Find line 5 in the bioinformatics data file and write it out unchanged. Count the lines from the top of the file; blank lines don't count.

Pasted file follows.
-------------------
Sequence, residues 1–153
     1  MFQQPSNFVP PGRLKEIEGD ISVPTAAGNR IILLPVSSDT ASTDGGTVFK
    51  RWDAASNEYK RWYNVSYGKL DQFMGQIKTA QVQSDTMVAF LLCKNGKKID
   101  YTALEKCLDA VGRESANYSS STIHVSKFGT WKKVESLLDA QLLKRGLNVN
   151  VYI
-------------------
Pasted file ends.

   151  VYI